“Not true,” Heebner said of the allegations. “They are thoroughly inaccurate. One year we had a deficit but there was also a national downturn in the economy.
“We were facing a $700,000 deficit (in fiscal year 2010-11) after we had already cut $1 million from the budget,” she said. “We made more cuts and took $300,000 from reserves. The following year we were facing another deficit but the departments shaved and shaved and shaved, found more cuts and we didn’t have to dip into the reserves.
“Reserves are for a rainy day,” she said. “We had a rainy day.”
A comparison between the general fund reserve in 2008 ($10,051,850) and 2011 ($6,533,026) shows a reduction of approximately 35 percent.
But that was caused by a shift of funds that ties in with money borrowed from sanitation, according to Heebner and City Manager David Ott, who crafted the finance plan he said could save the city nearly $1 million in interest payments during a 12-year period.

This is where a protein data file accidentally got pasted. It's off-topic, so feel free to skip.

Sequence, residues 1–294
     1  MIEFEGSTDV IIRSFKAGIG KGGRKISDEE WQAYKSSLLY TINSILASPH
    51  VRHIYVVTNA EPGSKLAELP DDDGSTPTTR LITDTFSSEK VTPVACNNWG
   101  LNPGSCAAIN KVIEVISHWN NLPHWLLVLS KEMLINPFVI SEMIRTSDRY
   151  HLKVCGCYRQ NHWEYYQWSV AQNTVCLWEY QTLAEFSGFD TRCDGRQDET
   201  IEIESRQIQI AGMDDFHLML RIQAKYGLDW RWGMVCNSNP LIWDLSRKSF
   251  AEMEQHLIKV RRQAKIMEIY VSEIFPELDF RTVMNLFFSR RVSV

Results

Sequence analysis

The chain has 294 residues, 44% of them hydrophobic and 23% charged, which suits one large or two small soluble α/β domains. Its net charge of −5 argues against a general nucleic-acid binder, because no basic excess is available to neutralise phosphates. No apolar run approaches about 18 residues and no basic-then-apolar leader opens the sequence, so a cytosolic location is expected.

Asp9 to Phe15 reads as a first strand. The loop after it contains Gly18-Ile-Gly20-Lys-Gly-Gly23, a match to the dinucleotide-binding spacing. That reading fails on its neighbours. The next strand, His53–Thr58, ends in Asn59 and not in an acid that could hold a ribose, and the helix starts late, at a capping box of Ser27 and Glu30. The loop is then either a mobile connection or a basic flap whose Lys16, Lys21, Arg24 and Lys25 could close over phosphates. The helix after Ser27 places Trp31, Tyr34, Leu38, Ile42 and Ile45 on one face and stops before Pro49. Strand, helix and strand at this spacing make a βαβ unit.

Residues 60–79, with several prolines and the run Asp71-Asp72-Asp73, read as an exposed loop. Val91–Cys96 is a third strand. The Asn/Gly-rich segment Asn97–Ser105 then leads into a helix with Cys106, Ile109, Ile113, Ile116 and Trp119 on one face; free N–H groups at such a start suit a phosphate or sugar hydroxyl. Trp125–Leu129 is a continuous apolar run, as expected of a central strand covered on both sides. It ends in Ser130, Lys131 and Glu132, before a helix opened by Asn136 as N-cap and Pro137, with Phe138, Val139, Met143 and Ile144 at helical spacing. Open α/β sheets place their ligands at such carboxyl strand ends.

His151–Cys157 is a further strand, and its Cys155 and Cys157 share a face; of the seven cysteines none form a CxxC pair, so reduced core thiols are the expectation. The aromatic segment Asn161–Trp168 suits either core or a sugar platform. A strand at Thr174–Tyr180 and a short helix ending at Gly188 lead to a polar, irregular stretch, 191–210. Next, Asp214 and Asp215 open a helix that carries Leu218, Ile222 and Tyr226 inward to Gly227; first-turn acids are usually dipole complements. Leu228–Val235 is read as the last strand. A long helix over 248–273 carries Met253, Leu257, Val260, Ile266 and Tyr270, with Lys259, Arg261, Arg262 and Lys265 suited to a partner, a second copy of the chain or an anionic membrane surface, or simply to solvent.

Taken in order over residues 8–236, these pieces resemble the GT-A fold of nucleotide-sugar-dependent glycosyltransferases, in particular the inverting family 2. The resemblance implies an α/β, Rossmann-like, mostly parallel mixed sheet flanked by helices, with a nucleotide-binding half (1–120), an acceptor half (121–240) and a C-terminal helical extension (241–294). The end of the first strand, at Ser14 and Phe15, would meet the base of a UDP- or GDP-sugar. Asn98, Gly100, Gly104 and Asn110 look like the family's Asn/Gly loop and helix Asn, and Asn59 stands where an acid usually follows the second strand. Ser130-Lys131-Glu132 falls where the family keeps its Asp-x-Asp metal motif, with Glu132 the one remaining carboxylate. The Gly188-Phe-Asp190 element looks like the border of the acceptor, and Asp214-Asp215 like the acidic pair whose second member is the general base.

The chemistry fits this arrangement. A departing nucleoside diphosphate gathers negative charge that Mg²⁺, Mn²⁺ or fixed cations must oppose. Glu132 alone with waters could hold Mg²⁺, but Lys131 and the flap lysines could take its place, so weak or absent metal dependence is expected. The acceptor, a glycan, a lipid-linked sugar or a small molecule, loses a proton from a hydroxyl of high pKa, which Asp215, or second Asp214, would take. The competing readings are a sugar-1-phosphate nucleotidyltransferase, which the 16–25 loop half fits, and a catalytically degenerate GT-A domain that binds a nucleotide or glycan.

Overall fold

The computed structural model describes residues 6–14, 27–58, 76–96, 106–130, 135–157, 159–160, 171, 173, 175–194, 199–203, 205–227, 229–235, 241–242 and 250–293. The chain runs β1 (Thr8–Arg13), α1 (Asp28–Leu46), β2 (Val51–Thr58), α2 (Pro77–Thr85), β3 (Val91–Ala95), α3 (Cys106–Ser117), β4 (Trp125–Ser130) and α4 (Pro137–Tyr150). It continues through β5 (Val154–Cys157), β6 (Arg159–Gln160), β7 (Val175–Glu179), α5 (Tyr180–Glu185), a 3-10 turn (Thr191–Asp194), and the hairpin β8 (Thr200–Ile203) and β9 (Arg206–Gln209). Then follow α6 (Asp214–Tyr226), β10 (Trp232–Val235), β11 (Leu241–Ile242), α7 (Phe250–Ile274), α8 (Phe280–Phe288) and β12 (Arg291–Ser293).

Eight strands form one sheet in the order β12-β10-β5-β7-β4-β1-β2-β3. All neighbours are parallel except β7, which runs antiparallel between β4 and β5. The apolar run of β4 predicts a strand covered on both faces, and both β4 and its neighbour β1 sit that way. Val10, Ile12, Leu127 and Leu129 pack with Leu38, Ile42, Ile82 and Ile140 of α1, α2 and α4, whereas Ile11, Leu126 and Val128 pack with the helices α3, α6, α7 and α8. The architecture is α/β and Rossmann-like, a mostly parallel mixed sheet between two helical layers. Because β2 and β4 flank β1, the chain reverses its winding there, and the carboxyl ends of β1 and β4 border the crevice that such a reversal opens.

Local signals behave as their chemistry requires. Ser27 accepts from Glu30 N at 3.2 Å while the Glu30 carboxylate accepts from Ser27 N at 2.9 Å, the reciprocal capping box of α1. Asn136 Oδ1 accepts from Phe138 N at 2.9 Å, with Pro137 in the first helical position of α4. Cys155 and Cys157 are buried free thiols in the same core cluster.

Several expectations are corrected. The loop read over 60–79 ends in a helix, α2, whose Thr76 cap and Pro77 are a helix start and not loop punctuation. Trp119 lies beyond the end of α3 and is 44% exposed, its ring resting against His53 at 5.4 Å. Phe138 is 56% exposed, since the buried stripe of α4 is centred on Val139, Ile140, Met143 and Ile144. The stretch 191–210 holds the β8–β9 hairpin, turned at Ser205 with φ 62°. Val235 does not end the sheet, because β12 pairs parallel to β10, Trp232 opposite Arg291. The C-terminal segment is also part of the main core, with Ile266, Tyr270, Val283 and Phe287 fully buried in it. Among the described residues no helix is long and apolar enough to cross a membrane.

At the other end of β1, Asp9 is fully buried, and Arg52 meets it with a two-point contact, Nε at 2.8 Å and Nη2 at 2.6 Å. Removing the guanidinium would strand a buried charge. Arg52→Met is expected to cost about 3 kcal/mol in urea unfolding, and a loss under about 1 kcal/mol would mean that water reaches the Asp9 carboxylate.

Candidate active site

In 2003, the California Public Employees Retirement System, or CalPERS, required all member agencies with fewer than 100 employees to be combined into a risk-sharing pool to reduce the volatility of employer contribution rates.
Since CalPERS requires cities to have fully funded pension liabilities, side funds were created to account for the difference between the funded status of the pool and that of the each city’s individual plan.
They were amortized for a fixed term at a fixed interest rate of 7.75 percent. As of June 30, 2011, Solana Beach owed CalPERS about $3.1 million plus an estimated $1.3 million in interest over 12 years.